# The Determinants of Satisfaction: an Experimental Verification of the Moderating Role of Ambiguity

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Prashanth U. Nyer (1996) ,"The Determinants of Satisfaction: an Experimental Verification of the Moderating Role of Ambiguity", in NA - Advances in Consumer Research Volume 23, eds. Kim P. Corfman and John G. Lynch Jr., Provo, UT : Association for Consumer Research, Pages: 255-259.

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http://acrwebsite.org/volumes/7952/volumes/v23/NA-23

This study extends the findings of Yi (1993) in which he finds that performance ambiguity plays a moderating role in the way consumer satisfaction is determined. This study investigates the role of both performance ambiguity and the ambiguity of expectations in the consumer satisfaction process using an experiment. When perceived performance is ambiguous, the effect of expectations on satisfaction is increased, while the effect of perceived performance on satisfaction is decreased. When expectations are ambiguous, the effect of expectations on satisfaction decreases while the effect of performance on satisfaction increases. The implications of these findings are discussed.

The importance of consumer satisfaction (CS) as a subject of research lies in it's ability to influence various consumer phenomena such as repurchase, brand loyalty, word-of-mouth and complaint behavior. The expectancy-disconfirmation model of consumer satisfaction (Oliver, 1980) has received much attention in the past decade and a half. According to this model CS is determined by prior expectation, perceived performance and by the disconfirmation of expectation - the subjective difference between perceived performance and expectation.

Various studies have investigated the robustness of the model under differing conditions. The direct effect of perceived performance on CS has been confirmed by many studies including those by Churchill and Suprenant (1982), Oliver and DeSarbo (1988) and Tse and Wilton (1988). According to Tse and Wilton (1988), perceived performance was the single most important determinant of CS. Perceived performance was also shown to have an indirect effect on CS by influencing disconfirmation. However, studies conducted by Cadotte, Woodruff and Jenkins (1987) and Oliver (1980) do not report a significant effect of perceived performance on CS.

The effect of disconfirmation on CS has also been verified by many studies. Oliver and DeSarbo (1988) found disconfirmation to be the most significant predictor of CS. What is of more relevance to this paper is the effect of expectation on CS. While some studies have found a significant direct effect of expectation on CS (Bearden and Teel 1983; Swan and Trawick 1981, Tse and Wilton 1988, Westbrook and Reilly, 1983), others have not reported a direct effect of expectation on CS (Cadotte, Woodruff and Jenkins 1987, Oliver and Bearden 1983).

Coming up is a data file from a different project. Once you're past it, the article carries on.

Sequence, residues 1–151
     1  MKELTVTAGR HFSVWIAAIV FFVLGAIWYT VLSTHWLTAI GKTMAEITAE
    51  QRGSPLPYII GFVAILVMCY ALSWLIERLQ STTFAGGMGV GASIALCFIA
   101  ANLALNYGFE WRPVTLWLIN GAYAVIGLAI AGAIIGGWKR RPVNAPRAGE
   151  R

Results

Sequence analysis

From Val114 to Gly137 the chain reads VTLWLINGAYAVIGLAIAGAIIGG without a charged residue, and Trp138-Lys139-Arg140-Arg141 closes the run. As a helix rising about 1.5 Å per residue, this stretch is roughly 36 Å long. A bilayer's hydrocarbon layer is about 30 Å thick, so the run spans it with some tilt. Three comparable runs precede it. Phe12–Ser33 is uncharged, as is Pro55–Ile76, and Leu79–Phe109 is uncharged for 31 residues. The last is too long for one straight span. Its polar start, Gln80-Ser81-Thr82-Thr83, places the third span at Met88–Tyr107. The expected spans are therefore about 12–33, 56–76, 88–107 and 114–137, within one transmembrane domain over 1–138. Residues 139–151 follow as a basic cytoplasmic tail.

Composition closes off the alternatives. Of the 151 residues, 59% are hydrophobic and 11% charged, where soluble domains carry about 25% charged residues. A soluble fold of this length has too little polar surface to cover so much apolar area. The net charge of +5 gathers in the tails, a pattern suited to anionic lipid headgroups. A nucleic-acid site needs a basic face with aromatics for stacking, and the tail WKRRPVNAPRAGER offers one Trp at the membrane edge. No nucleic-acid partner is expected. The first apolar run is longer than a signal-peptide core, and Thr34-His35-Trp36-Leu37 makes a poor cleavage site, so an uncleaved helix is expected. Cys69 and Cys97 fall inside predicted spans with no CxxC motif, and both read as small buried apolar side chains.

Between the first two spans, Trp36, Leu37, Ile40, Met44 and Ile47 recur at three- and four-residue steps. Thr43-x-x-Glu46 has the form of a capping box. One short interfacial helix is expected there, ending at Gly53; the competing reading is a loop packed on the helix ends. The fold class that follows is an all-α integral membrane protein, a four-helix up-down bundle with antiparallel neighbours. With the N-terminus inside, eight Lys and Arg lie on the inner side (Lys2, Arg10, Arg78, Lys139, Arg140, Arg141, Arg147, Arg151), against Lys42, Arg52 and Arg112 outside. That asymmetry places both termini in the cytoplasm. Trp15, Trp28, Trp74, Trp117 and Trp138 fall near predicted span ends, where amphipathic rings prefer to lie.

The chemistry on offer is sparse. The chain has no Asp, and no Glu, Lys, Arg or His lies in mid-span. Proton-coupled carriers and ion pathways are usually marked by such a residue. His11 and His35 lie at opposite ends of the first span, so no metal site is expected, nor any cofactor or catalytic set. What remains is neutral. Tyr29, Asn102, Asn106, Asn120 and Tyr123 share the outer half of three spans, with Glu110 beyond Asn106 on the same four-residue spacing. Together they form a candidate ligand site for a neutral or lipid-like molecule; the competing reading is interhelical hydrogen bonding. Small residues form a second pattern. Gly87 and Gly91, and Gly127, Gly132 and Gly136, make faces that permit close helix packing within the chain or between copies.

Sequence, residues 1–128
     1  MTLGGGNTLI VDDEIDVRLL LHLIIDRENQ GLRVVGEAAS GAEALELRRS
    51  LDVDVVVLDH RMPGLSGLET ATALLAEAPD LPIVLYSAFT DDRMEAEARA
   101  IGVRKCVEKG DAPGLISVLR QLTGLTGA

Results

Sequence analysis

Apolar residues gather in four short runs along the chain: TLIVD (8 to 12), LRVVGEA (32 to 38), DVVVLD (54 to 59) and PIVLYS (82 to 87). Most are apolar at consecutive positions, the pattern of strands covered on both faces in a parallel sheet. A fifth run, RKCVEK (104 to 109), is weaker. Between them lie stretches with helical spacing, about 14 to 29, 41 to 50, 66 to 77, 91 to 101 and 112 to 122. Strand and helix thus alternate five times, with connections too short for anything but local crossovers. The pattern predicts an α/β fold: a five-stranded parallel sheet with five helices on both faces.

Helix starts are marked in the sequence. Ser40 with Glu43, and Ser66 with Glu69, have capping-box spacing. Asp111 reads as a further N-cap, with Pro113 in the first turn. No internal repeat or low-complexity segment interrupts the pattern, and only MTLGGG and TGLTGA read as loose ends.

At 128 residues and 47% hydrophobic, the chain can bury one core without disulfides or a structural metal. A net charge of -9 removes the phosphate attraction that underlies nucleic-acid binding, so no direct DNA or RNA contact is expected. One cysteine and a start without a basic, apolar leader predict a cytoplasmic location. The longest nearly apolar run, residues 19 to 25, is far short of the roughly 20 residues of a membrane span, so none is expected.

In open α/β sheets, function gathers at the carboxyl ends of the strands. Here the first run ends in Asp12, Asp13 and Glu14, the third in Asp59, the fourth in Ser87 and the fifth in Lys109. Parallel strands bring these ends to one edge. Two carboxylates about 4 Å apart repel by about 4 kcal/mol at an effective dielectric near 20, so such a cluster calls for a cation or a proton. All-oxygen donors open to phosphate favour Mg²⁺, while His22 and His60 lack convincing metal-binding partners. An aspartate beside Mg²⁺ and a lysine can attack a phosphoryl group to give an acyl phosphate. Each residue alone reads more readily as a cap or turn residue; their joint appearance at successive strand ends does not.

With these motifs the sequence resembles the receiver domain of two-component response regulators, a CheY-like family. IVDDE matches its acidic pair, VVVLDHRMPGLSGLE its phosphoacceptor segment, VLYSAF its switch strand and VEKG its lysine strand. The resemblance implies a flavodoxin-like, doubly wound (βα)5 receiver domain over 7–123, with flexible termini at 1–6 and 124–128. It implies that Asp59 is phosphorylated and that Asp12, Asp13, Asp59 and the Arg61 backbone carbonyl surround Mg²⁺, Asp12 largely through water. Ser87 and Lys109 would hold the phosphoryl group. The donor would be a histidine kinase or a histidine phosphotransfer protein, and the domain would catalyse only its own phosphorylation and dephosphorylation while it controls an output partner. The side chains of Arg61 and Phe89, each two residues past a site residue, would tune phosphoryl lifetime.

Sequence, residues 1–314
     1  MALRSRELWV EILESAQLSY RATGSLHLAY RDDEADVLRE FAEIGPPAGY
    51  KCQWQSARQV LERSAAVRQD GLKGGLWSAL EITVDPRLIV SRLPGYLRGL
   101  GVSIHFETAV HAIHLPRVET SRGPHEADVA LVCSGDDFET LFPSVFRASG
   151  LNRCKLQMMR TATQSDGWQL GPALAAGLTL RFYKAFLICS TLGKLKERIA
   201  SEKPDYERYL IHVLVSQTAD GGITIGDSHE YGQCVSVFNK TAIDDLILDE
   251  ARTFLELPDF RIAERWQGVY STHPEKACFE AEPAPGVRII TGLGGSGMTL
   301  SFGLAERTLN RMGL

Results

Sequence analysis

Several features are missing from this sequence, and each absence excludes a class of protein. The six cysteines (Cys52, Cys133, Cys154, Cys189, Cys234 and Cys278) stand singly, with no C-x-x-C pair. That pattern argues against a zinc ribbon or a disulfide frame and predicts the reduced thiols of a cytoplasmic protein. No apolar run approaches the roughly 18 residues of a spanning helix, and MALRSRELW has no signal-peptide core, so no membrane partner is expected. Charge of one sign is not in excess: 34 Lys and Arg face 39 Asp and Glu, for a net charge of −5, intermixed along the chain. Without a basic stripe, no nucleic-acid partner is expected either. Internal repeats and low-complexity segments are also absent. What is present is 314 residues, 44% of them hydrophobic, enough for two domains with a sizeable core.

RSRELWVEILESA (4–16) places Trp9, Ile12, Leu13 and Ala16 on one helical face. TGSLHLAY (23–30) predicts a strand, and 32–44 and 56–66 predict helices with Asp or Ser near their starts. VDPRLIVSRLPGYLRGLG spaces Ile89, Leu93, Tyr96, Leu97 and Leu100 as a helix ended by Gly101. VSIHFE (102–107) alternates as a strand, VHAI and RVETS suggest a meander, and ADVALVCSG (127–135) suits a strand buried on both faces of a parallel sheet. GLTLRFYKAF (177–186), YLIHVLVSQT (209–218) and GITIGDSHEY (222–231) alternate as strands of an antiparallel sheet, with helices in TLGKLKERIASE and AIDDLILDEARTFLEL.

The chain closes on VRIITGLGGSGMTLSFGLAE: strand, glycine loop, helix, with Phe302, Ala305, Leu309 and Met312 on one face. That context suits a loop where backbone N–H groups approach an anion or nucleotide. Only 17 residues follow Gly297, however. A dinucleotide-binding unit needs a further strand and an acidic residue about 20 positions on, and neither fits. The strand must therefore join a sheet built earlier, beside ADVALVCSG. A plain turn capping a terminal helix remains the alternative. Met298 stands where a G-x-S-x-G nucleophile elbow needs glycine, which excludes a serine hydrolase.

Clearly the effects of expectation and perceived performance on CS is not constant under all circumstances. Under certain conditions expectation fails to have a significant direct effect on CS, while under other circumstances perceived performance may have no significant direct effect on CS. These findings point to the moderating influence of an external variable.

Yi (1993) suggests that the ambiguity with which product performance is evaluated is capable of moderating the effects of both expectation and perceived performance on CS. Consumers may be unable to unambiguously evaluate the performance of some products. For example a light bulb may be advertised as having an extra long life of 3000 hours, causing consumer expectation to be formed with little ambiguity. On the other hand very few consumers bother to measure the actual life of their light bulbs, leading to a great deal of ambiguity as far as the product performance is concerned. In such a situation, expectation will play a bigger role in determining CS while perceived performance will take on a diminished role. Performance ambiguity can be high when the performance is being judged mostly on subjective criteria (e.g., most fashion products, music, or art) or when there is difficulty in measuring the performance as in the example above. Yi (1993) draws upon the research by Hoch and Deighton (1989) and Hoch and Ha (1986) and upon the self perception theory to find theoretical support for such a phenomenon.